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Fidelity Investments is looking to tap a new generation of investors: 13- to-17-year-olds.

The Boston-based financial services firm launched a program on Tuesday that lets teens set up no-fee savings and investment accounts, which would allow them to buy and sell stocks, as well as mutual funds and ETFs.

Fidelity says the program, called Fidelity Youth Accounts, is designed to help teens learn how to save, spend, and invest from a young age. To set up an account, however, they will need the consent of a parent or guardian who has a brokerage account with Fidelity.

“Fidelity is committed to responsibly supporting young investors,” said Jennifer Samalis, the company’s senior vice president of acquisition and loyalty, in a statement. “Importantly, our goal for the Fidelity Youth Account is to encourage young Americans to learn through action and foster meaningful family conversations around financial topics.”

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Throughout the pandemic — perhaps because many people have been stuck at home — brokerage firms have seen an uptick in the number of people establishing trading accounts for the first time. Fidelity’s surge came from a crop of young investors: Of the 4.1 million accounts opened across the company in the first three months of the year, 1.6 million were opened by investors under age 36, a more than 220 percent increase compared with the same period a year ago.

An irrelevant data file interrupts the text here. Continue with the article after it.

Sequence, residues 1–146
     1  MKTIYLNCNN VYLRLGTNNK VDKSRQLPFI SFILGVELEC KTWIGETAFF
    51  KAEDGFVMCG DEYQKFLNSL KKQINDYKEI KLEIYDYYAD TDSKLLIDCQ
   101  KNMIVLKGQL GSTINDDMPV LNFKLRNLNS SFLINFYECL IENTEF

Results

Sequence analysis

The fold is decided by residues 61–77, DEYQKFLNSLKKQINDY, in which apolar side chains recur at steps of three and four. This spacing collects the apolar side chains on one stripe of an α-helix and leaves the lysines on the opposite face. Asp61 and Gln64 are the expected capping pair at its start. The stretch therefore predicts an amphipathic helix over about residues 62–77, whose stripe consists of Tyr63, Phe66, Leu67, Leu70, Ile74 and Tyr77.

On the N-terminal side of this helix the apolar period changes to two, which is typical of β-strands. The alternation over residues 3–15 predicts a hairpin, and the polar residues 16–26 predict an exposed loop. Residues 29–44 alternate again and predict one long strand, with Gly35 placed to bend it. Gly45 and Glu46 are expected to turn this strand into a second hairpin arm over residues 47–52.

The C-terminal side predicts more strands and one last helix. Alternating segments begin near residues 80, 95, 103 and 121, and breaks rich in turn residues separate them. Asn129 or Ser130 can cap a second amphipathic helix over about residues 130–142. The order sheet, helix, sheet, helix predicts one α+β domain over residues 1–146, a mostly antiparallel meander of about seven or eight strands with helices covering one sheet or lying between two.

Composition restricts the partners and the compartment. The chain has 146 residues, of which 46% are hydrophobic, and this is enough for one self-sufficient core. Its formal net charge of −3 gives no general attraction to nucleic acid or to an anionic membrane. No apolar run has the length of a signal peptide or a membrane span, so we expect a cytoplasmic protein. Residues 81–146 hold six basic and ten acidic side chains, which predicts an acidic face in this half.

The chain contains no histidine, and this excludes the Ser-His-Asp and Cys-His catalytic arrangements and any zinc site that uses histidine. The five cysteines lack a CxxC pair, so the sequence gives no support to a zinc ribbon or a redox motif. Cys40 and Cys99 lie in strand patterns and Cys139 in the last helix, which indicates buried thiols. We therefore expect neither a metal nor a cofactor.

Fidelity’s push to attract children is an obvious effort to build on that trend, which has led to the popularity of other trading platforms such as Robinhood, which positions itself as an accessible platform for new investors. Others, including Massachusetts securities regulators, believe Robinhood’s design encourages risky behavior among inexperienced investors by treating the buying and selling of stocks like a game.

Fidelity has already said its new accounts for teens come with built-in education modules intended to boost financial literacy, and it is giving parent and guardians access to a child’s account so they can monitor it, or set up alerts for trading and transaction activity. When a teen turns 18, the account will transition into a standard retail brokerage account.

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Anissa Gardizy can be reached at anissa.gardizy@globe.com. Follow her on Twitter @anissagardizy8.